The Toronto Youth Shorts festival is a great platform for aspiring filmmakers and for storytellers with a lot on their mind. I can usually count on the selections to cover themes from cultural reflections to personal discoveries, with an occasional fluffy piece to break up the weight of these programmes.
It’s embarrassing to admit, but A Wizard’s Tale – a film intended for small children – took me a while to finish. The storytelling, so hyper. The humour, so random. And no matter how many times I rewatched pivotal parts, I was still left dumbfounded. When our heroes reached a kingdom of “balloon-people”, I knew I wasn’t losing it – the movie was.
The How to Train Your Dragon series receives a fulfilling finale with The Hidden World, a sensational sequel that not only ties its saga back to the creation of legendary stories, but also features the best visuals DreamWorks Animation has ever produced.
By: Trevor Chartrand Animation studio Laika Entertainment has a reputation for dark and brooding content with releases like Corpse Bride (2005) or Coraline (2009), but this year’s Missing Link breaks their mold as a fun-for-most-ages adventure story.
Art has been known to be so vivid and realistic that it can leap off the page, the canvas, et cetera. That saying becomes quite literal for psychotherapist Ruben Brandt, who is experiencing surrealists nightmares of famous paintings torturing him. In order to confront and conquer his fears, Brandt makes a bold choice to steal and obtain each work of art that haunts him, therefore being in full control of whatever is “out” to get…
The Toronto Animation Arts Festival International (February 15-17) is an essential stop for movie goers who indulge in worldwide animation.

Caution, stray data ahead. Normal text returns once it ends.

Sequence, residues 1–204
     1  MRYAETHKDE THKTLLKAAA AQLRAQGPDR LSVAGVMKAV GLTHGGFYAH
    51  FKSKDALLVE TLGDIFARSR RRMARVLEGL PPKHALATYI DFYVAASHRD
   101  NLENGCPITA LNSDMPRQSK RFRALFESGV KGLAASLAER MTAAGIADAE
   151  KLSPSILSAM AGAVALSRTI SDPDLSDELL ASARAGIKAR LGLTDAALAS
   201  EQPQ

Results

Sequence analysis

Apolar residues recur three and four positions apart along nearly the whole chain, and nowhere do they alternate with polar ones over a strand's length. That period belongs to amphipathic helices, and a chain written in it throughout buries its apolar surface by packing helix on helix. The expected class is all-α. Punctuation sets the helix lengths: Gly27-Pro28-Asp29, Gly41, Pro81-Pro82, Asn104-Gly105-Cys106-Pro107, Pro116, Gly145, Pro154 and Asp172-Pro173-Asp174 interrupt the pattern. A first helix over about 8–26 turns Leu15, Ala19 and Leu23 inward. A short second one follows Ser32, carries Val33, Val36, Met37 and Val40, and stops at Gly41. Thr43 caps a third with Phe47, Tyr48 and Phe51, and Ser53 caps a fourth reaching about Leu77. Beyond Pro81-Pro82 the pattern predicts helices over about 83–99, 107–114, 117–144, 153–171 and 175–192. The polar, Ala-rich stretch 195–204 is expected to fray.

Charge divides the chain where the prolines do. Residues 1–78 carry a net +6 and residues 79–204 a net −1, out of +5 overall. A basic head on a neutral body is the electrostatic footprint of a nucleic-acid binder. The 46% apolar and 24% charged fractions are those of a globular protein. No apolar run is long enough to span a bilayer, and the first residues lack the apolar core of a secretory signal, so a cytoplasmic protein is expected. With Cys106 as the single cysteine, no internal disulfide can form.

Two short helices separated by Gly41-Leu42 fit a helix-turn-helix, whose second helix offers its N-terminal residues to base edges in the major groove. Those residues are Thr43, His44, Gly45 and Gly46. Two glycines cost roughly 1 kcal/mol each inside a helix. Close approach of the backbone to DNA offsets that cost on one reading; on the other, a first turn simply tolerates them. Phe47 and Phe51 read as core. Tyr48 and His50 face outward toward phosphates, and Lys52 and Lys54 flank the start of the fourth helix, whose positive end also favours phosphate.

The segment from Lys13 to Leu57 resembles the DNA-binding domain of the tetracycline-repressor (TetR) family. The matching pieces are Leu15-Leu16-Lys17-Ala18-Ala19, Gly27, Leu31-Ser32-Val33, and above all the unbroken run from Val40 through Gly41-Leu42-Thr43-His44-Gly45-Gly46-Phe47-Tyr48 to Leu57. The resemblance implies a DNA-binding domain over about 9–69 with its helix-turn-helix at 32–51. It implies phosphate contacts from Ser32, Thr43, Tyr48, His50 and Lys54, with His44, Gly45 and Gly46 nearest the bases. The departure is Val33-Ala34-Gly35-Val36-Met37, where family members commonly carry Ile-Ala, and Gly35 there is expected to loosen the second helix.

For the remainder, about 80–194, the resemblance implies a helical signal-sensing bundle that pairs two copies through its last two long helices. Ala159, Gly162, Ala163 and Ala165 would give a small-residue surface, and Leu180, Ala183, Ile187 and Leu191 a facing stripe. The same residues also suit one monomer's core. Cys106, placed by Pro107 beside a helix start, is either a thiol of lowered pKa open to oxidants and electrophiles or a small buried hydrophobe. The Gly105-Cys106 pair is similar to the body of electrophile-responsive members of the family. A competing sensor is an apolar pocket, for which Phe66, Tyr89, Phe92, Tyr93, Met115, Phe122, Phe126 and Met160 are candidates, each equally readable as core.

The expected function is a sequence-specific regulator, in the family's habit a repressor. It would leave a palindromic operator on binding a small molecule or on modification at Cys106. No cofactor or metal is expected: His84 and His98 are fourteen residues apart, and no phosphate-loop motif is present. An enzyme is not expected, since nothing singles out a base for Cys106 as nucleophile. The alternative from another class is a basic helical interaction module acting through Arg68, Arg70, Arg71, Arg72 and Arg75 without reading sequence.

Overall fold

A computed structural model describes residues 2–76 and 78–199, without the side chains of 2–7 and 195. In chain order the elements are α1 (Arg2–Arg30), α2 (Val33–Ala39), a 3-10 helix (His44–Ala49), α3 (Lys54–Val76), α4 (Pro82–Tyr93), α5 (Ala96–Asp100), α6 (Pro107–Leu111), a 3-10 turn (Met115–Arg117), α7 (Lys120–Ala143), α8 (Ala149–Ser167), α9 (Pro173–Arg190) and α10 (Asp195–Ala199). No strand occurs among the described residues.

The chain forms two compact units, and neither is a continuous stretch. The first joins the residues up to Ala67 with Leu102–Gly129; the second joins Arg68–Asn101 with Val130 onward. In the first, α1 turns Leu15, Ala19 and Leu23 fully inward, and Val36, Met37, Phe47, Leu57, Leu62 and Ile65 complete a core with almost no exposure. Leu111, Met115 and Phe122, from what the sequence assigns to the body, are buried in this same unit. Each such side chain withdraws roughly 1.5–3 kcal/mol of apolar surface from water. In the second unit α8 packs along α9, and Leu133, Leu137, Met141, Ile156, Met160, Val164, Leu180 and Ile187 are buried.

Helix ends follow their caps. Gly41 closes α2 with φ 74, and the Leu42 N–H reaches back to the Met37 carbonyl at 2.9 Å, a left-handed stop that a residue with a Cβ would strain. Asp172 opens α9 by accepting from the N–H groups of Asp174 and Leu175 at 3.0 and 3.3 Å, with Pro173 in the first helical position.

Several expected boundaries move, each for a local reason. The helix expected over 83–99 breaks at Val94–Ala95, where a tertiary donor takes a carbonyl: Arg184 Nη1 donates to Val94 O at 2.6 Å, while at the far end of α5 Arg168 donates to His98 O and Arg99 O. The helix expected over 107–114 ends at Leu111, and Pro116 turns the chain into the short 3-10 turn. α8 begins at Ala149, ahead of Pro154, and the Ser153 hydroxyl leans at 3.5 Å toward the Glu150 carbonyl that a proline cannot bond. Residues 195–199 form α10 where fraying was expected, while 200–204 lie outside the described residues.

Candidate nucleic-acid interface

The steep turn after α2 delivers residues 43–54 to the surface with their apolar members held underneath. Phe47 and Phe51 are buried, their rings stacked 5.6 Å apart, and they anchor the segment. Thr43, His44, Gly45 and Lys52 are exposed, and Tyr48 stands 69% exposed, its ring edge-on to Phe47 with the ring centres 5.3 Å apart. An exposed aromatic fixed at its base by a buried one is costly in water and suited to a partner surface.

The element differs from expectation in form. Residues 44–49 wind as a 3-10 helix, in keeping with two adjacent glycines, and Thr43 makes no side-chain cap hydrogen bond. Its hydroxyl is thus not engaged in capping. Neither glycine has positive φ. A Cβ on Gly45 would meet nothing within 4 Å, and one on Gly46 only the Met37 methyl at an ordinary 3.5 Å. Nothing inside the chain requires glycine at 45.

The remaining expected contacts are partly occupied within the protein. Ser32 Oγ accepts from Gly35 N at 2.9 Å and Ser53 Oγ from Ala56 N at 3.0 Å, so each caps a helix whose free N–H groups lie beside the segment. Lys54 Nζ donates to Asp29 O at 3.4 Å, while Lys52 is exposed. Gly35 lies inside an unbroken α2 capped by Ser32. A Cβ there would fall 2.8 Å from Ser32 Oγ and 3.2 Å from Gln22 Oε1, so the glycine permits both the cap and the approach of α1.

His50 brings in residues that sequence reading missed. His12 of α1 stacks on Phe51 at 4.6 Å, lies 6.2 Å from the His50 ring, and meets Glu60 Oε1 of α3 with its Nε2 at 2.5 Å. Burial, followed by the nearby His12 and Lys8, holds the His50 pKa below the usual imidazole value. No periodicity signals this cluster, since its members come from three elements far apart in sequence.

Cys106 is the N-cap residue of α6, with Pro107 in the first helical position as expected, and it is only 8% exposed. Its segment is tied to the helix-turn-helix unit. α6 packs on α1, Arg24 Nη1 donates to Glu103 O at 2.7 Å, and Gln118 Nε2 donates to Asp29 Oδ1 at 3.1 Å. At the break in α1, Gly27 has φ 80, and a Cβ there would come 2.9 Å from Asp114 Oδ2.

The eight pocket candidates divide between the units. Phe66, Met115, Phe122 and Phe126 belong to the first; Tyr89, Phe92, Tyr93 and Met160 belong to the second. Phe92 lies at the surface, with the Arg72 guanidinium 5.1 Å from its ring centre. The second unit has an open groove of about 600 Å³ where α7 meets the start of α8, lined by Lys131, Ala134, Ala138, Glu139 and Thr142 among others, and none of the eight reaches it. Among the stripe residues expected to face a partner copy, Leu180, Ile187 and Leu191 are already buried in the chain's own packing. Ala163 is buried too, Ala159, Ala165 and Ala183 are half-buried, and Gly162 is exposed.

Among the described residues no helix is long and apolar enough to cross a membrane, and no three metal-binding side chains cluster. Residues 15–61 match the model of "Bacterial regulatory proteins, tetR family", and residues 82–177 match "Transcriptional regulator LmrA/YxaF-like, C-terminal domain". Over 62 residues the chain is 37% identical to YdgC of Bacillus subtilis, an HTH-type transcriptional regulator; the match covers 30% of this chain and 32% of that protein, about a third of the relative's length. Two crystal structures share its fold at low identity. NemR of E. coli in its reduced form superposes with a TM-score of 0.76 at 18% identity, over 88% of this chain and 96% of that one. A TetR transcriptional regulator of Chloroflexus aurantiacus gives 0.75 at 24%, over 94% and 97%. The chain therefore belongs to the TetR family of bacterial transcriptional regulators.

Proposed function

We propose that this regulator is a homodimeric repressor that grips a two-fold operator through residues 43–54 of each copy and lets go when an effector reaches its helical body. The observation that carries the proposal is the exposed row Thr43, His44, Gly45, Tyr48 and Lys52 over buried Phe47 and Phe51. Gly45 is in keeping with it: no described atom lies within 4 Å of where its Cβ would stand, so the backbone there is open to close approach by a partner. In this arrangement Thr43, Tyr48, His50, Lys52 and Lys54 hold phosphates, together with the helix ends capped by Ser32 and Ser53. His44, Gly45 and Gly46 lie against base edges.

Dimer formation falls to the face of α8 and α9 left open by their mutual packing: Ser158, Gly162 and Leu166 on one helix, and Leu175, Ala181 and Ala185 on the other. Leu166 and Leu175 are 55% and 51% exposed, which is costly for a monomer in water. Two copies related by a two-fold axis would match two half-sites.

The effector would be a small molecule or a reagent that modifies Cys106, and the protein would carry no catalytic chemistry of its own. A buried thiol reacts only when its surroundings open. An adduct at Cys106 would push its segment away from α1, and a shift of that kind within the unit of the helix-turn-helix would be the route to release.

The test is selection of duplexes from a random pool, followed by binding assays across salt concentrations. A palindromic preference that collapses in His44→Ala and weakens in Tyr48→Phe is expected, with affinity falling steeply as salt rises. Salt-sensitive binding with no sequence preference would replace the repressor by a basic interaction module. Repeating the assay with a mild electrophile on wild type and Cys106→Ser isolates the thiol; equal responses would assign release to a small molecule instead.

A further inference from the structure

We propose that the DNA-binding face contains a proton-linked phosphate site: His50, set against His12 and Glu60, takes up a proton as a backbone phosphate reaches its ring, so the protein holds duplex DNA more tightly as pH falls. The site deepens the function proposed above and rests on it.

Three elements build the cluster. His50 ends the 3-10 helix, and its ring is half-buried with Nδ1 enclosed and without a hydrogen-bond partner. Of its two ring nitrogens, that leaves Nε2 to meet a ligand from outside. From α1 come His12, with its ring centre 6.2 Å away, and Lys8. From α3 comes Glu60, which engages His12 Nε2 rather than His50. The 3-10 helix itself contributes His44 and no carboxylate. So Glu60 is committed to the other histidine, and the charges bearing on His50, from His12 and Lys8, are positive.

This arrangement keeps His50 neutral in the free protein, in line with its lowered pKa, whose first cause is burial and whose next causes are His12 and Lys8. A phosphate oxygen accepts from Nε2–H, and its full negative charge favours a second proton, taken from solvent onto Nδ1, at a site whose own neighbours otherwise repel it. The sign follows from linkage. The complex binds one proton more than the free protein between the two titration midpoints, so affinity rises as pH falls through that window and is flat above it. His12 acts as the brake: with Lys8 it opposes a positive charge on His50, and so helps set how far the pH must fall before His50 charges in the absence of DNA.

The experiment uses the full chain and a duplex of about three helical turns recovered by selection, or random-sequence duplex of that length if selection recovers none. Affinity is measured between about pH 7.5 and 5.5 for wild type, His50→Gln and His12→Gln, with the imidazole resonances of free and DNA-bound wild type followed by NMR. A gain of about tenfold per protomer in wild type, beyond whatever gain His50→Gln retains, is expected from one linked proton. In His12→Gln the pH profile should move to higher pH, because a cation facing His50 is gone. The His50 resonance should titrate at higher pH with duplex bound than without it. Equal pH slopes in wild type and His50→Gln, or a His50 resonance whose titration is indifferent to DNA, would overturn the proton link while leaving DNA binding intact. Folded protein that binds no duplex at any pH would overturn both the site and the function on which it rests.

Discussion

I’ve been hard on Illumination in the past, but for a good reason. Universal’s animation company always seemed to be borrowing from other brands, from copycat plots to specific character designs. This makes the studio’s version of Dr. Seuss’ The Grinch a bit of an anomaly. It’s an existing, well known property that could’ve been another clone but, instead, Illumination has provided a new take on the popular Dr. Seuss curmudgeon, which also includes luscious animation…
In Masaaki Yuasa’s energetically animated Lu Over the Wall, shy student Kai makes an interesting discovery with music.
By: Jessica Goddard A loving tribute to man’s best friend, Wes Anderson’s Isle of Dogs is an imaginative, playful, and visually fascinating stop-motion fable that should appeal to animal lovers of every kind. Endlessly clever and unapologetically fun, this movie keeps you guessing and isn’t afraid to misdirect for the sake of a good twist.
By: Trevor Chartrand Director Wes Anderson is at it again with another quirky stop-motion animated feature, his second foray into the genre since 2009’s The Fantastic Mr. Fox. In Isle of Dogs, Anderson’s gone above and beyond to create a clever, stylized, and memorable motion picture.